HDD Setup for Recording 1440p 60fps

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I3reeze

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Jan 23, 2015
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First off, I'll state that my current setup - whether it be due to my selected Dxtory codec or HDD speeds - does not record at a steady 60fps. I've got a thread on this (http://www.tomsguide.com/answers/id-3125888/recording-70fps.html#18301049 if that helps), but I'm creating this thread to focus more on this topic.

Here's my whole build: http://pcpartpicker.com/user/I3reeze/saved/vwpWGX

Currently, I'm using a 1440p monitor and using Dxtory to record a down-scaling resolution of 1080p 60fps in order to record at decently high framerate (hovers around 45-62fps).

I've read that recording at native resolution should be more efficient than down-scaling, which is why I'm looking into solutions for 1440p recording. If I am mistaken, and it would be much easier for me to record 1080p with a small change (rather than buying 1 or 2 other HDDs - see below), please let me know.

I'm writing this recorded .avi file to a single HDD, my E: which I have essentially dedicated to hold recordings and renders. According to Dxtory's built in benchmark test, this HDD (E: ) writes at about 100MBsec, and, as stated above, struggles to maintain a steady 60fps.

I've tried writing to my C: drive and although an SSD can probably do what I need, it seems like there are better options out there, particularly an HDD RAID setup.

I am thinking the solution would be using an HDD which is better designed for continuous uninterrupted writing. Furthermore, I'm thinking a RAID0 setup would do me well. When originally building this PC, I didn't know there were HDDs designed for specific tasks.
I stole this line from a thread I found during research: "the WD Black you have picked is focused more on low seek/access times/latencies than on sequential throughput, which is fantastic for an OS drive, but pretty much the opposite of what you want for "Media" drives (which is what a gameplay-recording drive/array is)."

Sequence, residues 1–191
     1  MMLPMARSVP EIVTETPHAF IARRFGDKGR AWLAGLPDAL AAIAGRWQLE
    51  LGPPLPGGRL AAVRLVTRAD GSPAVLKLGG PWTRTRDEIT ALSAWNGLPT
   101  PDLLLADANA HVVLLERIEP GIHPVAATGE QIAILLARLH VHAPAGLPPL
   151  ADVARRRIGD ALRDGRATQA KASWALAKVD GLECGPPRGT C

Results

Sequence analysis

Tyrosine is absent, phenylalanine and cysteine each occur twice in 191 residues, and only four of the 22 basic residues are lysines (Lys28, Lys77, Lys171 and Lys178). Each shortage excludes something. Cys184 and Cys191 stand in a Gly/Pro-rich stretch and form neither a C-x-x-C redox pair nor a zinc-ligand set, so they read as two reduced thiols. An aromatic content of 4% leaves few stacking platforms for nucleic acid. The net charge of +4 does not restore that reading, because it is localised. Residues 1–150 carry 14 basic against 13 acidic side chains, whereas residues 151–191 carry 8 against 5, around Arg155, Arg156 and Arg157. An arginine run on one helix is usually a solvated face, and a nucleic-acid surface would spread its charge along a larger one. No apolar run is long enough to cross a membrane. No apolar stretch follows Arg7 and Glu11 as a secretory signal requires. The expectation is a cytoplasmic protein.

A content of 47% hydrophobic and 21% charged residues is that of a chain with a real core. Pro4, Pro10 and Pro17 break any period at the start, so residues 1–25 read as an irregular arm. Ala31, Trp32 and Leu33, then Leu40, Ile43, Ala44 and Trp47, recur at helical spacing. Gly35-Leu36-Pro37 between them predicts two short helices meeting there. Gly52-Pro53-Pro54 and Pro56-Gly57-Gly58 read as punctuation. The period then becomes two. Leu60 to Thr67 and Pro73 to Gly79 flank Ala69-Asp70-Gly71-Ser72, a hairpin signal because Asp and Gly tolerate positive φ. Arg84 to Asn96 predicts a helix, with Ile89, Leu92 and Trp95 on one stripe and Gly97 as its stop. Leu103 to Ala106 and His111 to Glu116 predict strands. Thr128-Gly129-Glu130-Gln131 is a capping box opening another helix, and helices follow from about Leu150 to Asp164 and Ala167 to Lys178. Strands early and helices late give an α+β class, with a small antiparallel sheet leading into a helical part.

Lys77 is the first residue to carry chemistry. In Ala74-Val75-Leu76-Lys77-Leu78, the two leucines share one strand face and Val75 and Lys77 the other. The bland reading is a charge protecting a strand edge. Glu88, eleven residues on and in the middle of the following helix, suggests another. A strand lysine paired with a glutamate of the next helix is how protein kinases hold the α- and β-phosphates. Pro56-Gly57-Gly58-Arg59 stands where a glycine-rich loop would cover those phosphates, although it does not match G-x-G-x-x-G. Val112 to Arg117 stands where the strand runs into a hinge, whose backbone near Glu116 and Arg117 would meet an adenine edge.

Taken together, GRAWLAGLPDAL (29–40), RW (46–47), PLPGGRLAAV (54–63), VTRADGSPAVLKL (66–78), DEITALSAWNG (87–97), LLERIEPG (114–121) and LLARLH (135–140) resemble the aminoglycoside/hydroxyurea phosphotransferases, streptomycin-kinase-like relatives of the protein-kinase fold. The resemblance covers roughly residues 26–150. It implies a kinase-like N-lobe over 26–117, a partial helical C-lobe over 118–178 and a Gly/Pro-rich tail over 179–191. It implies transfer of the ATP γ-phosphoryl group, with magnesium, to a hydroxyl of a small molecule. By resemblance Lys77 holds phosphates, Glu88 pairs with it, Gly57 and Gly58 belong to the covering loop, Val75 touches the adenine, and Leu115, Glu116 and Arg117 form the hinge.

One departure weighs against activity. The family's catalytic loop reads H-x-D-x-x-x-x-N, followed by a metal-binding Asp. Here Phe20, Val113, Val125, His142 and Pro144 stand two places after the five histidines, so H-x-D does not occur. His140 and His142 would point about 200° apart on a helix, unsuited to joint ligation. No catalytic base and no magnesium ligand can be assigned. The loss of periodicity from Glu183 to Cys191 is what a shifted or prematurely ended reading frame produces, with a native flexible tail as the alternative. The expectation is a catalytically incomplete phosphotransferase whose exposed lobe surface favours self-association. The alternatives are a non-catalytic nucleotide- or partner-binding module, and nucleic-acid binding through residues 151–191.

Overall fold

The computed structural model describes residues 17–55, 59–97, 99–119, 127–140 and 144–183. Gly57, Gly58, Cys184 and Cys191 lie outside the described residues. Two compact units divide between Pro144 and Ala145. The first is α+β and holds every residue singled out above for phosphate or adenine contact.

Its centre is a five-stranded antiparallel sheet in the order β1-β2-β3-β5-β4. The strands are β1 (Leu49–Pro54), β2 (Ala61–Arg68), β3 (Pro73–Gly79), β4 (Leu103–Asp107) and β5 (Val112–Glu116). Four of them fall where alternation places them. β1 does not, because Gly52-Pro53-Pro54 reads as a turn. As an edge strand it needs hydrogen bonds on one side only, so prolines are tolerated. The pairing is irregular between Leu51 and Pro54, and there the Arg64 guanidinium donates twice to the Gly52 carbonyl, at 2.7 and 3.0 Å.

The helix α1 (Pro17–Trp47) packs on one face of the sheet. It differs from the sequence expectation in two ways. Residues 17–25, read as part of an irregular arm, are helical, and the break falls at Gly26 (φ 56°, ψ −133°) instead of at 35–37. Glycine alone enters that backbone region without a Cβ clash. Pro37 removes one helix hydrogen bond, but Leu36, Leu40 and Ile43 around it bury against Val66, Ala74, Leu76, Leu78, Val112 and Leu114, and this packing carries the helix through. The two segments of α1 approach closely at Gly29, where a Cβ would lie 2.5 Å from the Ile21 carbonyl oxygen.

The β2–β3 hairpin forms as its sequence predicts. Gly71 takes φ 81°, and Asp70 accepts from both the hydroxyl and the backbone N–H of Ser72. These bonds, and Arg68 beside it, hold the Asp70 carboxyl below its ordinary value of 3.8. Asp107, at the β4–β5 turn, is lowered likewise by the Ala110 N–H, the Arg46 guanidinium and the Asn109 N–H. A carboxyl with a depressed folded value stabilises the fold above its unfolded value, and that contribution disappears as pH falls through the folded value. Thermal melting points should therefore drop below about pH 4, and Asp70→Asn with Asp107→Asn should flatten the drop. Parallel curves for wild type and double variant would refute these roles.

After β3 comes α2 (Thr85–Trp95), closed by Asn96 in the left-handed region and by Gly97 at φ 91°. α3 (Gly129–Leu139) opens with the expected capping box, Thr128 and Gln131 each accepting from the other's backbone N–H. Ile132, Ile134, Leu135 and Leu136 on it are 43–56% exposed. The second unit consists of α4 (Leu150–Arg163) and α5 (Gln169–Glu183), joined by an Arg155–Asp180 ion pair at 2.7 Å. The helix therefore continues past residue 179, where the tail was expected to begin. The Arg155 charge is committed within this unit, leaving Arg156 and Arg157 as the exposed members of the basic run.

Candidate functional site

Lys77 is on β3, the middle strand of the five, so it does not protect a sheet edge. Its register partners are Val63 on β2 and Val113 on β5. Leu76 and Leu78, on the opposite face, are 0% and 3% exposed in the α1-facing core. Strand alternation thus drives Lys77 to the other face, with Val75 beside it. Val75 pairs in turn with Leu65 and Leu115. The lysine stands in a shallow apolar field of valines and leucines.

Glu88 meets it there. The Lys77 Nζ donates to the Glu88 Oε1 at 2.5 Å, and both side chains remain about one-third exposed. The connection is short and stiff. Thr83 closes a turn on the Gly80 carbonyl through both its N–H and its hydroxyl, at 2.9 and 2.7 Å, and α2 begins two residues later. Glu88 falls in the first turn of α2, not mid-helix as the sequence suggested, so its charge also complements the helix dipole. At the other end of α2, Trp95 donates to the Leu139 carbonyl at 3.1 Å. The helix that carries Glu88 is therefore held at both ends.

I've done a fair amount of research and learned about "Short Stroking," but I don't really want to partition my HDD, as I find it annoying as time goes on.

Essentially, I think my options come down to these:

  • ■ Stick with my current HDD setup because it should be able to do the trick and there's something else wrong with my setup
    --Use a different codec
    --The HDD may be failing
    --Bottlenecking somewhere
    --Other issue I haven't considered
    ■ Get another HDD, same/similar to current E: drive, and set up a RAID-0 to achieve solid 60+ fps at 1440p
    ■ Get a single new HDD designed for "sequential throughput" and dedicate it to recording
    ■ Get two new HDDs designed for "sequential throughput" and use those in RAID-0 for recording
    ■ Get a large SSHDD and deal with the partition, perhaps render to the slower partition.
If you have any opinions or advice, I'd appreciate hearing them.
Thank you.
 

photonboy

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1) I'm not sure what you mean by "more efficient" though perhaps you mean CPU cycles (compressing the data is costly).

2) Are you sure the HDD is the problem?
If we assume a worst-case of about 25MBps (in case of interruption AND because the inner edge writes at half the speed of the outer edge) that comes to 1500MB for a one-minute file.

3) What about using OBS and have the Intel iGPU do the encoding?

4) If it is the drive that is the bottleneck, then get an SSD. It doesn't have to be massive, just enough for what you're doing now and a bit more. You can always MOVE the data from the SSD over to an HDD later.
 

photonboy

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Other:
If you don't have Windows 10 you might want to upgrade now while it's still free (end of this month).

Other:
back to the SSD->

I suggest getting at least a 256GB one, and use if for recording as well as a few games. Some games (like Skyrim) benefit a lot because of frequent load times which can get frustrating with an HDD (like entering a dungeon, building, or jumping map points).

*For video capture, if it's about 100MBps then that is about 6GB per minute, or 60GB for TEN minutes as a guide so it can really add up so use that as a guide for buying the SSD.
 
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